– Carrie Wilkens, Clinical Director of the Center for Motivation and Change
Changing behavior requires self-awareness. Changing a well-worn habit in particular requires that you move it from “automatic” to “conscious” so that you can make other behavioral choices. For example, if you don’t even notice that you are reaching for a cigarette as you get into your car, how are you ever going to decide to resist lighting it up?
Habits are influenced by your environment and are set off by environmental cues, sometimes called triggers. Triggers are the people, situations, locations and emotions associated with any behavior you are trying to change. When it comes to substance use, triggers are the environmental variables that provoke “cravings” or the desire to use or engage in the habit. Neuroscientists have studied the trigger effect in the brain—how an encounter with drug paraphernalia or the smell of a long-frequented pub lights up the part of the brain responsible for emotion and instinct, the “feel good” parts of the brain. As you encounter these cues in your daily life, it’s likely that you are on autopilot and don’t even notice how they are linked to your decision to engage in your habit. Scientists have also found that once these habits are engaged, the brain has a difficult time considering the consequences and risks associated with the behavior. In other words, once you are in your car, smoking the cigarette, it’s not likely that you will have the wherewithal to say “this is really bad for my health, I’m going to throw this cigarette and the rest of the pack away right now.”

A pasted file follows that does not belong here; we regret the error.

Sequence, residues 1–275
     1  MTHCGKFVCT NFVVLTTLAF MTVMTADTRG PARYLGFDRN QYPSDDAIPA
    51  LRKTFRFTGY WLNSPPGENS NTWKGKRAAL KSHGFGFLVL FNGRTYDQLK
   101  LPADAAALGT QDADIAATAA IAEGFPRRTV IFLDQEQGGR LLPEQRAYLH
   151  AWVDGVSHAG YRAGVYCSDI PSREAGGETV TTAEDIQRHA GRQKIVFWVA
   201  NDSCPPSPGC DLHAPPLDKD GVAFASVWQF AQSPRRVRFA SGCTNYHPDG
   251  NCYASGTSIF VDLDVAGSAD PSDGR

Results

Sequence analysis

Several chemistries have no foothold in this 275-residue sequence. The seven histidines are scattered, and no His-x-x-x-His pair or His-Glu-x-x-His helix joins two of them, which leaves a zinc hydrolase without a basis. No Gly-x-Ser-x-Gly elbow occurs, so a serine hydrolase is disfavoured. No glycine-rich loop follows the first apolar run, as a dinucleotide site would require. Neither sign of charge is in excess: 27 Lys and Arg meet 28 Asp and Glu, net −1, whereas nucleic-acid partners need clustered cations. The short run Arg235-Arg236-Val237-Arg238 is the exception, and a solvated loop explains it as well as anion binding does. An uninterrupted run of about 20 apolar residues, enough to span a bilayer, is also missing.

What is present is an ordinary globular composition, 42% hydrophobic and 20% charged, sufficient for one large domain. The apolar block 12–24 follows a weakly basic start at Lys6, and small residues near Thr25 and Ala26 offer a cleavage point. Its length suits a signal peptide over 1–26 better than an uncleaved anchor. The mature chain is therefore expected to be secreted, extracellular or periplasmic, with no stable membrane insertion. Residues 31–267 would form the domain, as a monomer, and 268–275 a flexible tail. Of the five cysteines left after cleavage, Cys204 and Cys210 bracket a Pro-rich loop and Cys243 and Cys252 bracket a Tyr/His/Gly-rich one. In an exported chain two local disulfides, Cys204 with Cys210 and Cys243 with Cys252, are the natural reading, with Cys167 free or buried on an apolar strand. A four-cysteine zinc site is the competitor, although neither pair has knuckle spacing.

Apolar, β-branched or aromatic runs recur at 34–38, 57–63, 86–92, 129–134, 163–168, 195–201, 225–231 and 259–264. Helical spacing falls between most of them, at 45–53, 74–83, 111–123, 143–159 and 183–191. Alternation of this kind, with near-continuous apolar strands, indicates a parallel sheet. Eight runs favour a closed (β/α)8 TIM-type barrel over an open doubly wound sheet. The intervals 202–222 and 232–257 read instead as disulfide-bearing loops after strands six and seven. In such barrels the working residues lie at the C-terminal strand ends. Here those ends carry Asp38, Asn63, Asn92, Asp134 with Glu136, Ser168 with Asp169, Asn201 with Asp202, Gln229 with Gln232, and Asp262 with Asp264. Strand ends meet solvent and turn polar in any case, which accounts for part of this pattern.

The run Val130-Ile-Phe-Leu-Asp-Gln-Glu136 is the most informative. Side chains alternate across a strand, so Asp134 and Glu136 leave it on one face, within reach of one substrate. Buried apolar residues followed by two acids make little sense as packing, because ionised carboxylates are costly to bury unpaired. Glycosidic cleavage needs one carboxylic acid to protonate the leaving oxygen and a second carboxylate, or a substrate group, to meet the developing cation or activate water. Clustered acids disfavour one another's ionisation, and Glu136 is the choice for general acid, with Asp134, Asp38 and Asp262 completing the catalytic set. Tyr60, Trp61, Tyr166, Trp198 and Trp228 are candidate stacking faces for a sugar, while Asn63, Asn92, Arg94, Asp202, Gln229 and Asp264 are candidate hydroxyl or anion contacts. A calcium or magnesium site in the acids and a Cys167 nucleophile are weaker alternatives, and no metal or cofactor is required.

If you are wanting to change a habit, it is important to start with identifying the cues/triggers (both internal and external) that lead up to the decision to engage in the behavior.
The good news is that by understanding these triggers you can go about altering your
environment in order to support change. In addition, when you replace old behaviors with more positive actions, new neural pathways are forged. Thankfully, triggers tend to lose their strength over time as the old pathways power down from disuse.
Remember, making changes in behavior require new learning. No one is an A student over night. Be patient with yourself as you navigate your day to day and encounter triggers and possibly the desire to engage in your habit. By shifting out of “automatic” and trying to be aware of your triggers you will have a much greater chance of changing your behavior and patterns. Conscious decision making leads to change!
Hi my name is Anna. I got into cocaine and later heroin when I got into the club scene. My friends and I had a great time in our late teens and 20's. However things took a turn for the worse after I was not the cute young girl in the club anymore. I decided I did not want to be defined by drugs or the clubs. I have been living for Jesus ever since. Sharing my struggle and my glory which is revealed in him.